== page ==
We are located approximately 20 miles north of Santa Fe on US 84/285 and six miles west on State Road 502.
Physical Address:74 Povi Kaa Road Santa Fe, NM 87506
1. Please pay the appropriate entrance fee and camera/drawing fee at the visitor center.
2. Please respect the “keep off” signs as they protect our sacred sites.
3. Please do not photograph members without first asking permission.
4. Do not climb walls or other structures. Some are several hundred years old and damage easily. Please do not pick up or remove any artifacts or objects.
5. Pueblo Kivas and graveyards are not to be entered by non-Pueblo people.
6. Alcohol, weapons, and drugs will not be tolerated on the Pueblo.
7. Obey traffic, parking, and speed limit signs.
8. The Pueblo of San Ildefonso is not responsible for injuries, theft or damages incurred to visitors.
The Pueblo is generally open to visitors daily from 9am to 4:00pm, except when tribal activities require closing the Pueblo.
$5 per person or max of $20 per personal vehicle
Large groups (15+ passengers): $50 plus $1.00 per person
Small groups (10-14 passengers): $25 plus $1.00 per person
Still camera fee: $10
Movie or video camera fee: $20
Painting and Sketching: $25 per day
All professional and commercial photographers as well as artists interested in sketching or painting must apply for pre-approval from the Governor’s office; fees vary.
No tripods or unipods allowed.
The Pueblo de San Ildefonso does have a small museum which features work of many San Ildefonso artists including a small exhibit that shows the steps to make our traditional black on black pottery.
The Museum is open Monday through Friday from 9:00 am through 4:00 pm, it may be closed when the pueblo has traditional activities. There is no fee for museum entrance, there is a fee for entrance to the Pueblo -see above. Permits for non-commercial photography are available for purchase at the Visitor’s Center; this does include cell phones and tablet devices.
Our temperatures in the summer months are usually in the 90’s with some days in the 100’s (about 1-2 days per year. In the fall, expect temperatures from the low 50’s to the high 70’s. In the winter expect temperatures from bitter cold (5) to high 40’s. Spring time temperatures will range from the low 50’s to the high 70’s. The chances for rain or snow are always low but please check our weather forcast for a 5 day forecast.
San Ildefonso Pueblo is located at approximately 5500 feet and most people have no problems with the altitude. Our pueblo is located 24 miles north of Santa Fe via U.S. 84/285 then west off N.M. 502. The distance from San Ildefonso Pueblo to Santa Fe New Mexico is about 24 miles and from Albuquerque New Mexico about 90 miles.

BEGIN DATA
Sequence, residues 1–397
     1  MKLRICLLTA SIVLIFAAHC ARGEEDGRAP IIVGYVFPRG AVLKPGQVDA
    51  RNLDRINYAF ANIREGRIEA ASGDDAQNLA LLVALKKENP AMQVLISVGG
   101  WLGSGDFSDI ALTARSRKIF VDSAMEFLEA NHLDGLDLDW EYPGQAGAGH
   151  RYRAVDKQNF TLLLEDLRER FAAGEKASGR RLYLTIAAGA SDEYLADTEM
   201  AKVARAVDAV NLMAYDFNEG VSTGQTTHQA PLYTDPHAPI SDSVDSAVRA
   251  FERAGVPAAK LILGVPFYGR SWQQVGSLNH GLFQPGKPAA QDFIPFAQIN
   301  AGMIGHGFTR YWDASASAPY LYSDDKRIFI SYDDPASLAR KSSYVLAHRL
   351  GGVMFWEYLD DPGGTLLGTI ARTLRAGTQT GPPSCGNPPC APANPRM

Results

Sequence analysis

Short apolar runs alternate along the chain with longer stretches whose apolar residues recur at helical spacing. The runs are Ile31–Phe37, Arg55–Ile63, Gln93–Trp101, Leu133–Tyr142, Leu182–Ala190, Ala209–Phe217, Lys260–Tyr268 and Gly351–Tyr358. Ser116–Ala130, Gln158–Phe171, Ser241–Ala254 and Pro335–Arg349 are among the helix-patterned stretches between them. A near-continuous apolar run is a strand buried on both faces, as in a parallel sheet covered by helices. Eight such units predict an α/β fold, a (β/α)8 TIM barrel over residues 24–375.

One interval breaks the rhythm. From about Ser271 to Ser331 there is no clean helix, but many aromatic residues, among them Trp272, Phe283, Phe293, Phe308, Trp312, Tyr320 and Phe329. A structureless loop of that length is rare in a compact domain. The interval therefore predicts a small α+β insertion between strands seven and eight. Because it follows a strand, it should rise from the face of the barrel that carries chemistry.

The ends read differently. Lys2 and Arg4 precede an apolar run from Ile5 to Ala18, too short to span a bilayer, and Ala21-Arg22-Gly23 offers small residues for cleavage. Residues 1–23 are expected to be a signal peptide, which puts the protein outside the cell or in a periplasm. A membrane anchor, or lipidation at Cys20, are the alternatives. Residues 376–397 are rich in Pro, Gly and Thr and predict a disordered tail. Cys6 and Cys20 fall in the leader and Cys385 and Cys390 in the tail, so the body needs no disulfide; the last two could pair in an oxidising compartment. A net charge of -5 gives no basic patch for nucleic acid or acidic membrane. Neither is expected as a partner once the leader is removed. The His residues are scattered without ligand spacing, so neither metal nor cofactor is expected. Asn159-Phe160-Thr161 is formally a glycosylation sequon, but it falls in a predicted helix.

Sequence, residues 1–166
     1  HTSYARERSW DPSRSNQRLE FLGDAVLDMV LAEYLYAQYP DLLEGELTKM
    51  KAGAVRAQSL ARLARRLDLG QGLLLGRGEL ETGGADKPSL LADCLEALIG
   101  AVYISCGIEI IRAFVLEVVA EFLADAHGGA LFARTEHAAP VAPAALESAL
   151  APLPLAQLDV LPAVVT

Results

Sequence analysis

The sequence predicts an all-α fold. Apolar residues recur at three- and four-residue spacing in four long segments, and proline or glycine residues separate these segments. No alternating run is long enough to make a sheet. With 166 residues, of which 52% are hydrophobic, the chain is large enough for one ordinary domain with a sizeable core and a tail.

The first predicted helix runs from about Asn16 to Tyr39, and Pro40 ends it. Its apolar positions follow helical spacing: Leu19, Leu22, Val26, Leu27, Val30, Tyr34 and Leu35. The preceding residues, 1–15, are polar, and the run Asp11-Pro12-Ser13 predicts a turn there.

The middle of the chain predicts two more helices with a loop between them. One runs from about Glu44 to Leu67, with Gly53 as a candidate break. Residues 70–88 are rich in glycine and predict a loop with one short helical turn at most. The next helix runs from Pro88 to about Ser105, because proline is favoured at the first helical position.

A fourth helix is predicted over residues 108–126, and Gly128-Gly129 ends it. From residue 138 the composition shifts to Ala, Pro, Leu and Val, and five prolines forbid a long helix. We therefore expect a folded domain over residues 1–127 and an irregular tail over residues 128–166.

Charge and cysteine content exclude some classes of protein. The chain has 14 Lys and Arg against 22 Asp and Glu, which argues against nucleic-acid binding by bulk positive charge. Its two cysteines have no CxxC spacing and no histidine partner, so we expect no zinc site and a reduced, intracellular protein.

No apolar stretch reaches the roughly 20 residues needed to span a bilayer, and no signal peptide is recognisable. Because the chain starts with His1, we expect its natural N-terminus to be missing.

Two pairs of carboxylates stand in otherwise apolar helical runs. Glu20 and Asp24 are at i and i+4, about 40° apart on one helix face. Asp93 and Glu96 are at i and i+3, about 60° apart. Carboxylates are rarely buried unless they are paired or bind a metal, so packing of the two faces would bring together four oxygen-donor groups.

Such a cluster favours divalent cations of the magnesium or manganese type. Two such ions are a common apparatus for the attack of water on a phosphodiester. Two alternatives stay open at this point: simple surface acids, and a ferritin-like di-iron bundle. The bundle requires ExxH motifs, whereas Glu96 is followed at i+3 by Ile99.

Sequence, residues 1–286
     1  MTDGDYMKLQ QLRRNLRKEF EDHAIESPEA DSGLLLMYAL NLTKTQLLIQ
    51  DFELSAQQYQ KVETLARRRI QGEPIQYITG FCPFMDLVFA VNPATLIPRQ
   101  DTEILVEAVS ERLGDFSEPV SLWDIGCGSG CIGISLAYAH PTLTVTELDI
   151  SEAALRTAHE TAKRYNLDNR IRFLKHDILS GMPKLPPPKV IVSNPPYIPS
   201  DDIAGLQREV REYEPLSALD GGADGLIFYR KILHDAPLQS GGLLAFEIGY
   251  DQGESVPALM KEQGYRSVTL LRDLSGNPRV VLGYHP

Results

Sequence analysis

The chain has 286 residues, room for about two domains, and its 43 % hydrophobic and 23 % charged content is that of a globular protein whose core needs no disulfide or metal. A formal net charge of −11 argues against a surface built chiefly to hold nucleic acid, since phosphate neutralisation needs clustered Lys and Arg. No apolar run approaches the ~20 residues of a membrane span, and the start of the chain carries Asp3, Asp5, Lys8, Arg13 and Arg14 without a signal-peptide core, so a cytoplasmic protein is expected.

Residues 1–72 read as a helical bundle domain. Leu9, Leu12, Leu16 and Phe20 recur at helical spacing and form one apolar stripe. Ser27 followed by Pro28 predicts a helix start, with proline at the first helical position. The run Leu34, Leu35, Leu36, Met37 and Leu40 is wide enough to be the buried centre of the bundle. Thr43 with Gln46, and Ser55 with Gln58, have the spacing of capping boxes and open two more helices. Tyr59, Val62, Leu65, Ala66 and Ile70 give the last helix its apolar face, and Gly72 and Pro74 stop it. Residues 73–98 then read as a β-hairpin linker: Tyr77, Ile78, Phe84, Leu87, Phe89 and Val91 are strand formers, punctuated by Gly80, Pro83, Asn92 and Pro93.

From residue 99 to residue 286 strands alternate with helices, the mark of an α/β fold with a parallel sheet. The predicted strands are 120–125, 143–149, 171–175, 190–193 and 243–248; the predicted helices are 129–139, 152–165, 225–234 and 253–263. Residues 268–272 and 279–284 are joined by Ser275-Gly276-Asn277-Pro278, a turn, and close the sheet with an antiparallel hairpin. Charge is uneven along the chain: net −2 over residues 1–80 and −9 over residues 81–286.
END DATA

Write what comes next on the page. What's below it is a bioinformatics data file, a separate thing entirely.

We are told that our people came from the Mesa Verde complex in Southern Colorado. They first moved to Bandelier just south of Los Alamos New Mexico (birthplace of the atomic bomb). There our people thrived due to the rainfall (elevation about 7000 feet) and the ease of constructing living structures.
But after a prolonged drought our people moved down into the valleys (elevation 5500 feet) of the Rio Grande around 1300 AD. The Rio Grande and other arroyos provided the water for irrigation and our people thrived again.
The Spanish conquistadors tried to subdue our people and force their religion on our people during the early 1600’s, which lead to the Great Pueblo Revolt of 1680. Our people bravely withstood the Spaniards by climbing to the top of the Black Mesa, a volcanic basalt outcropping located just north of the current pueblo. The siege ended when we reached a compromise with the Spaniards who gave us freedom of religion and other self-governing rights.
San Ildefonso Pueblo is the spanish name for our Tribe. The word Pueblo in spanish means town. We refer to our location by Tribe. Our tewa location name is “Po-woh-ge-oweenge”, which means “Where the Water Cuts Through.” The Spaniards named our Tribes/Pueblos after patron saints. San Ildefonso was named after Saint Ildefonsus who was an archbishop of Toledo Spain.
Our ancestors were skilled in the art of making pottery. They had only clay and volcanic ash from which to make pots for cooking and serving. They decorated their pots with symbols representing many aspects of their daily life and religion such as Mountains, Clouds, Corn, Feathers, etc. Before and during the influx of traders from the California gold rush, our Pueblo people’s art declined. They found ready made pots and pans from traders and our population was reduced from diseases to which we had built no immunity (small pox, etc.). We lost the ability or knowledge of how to make certain pottery pieces.
This lost art was revived during the early 1900 by Maria and Julian Martinez who at the urging of outsiders redeveloped the techniques for what is now know as black-on-black pottery with black matte. Since that time the art has flourished and many residents have shops (map to the shops is posted and available at our visitor center), which you can visit and purchase such pottery (see ARTISTS page). Web sites for some of our artists will appear in the future.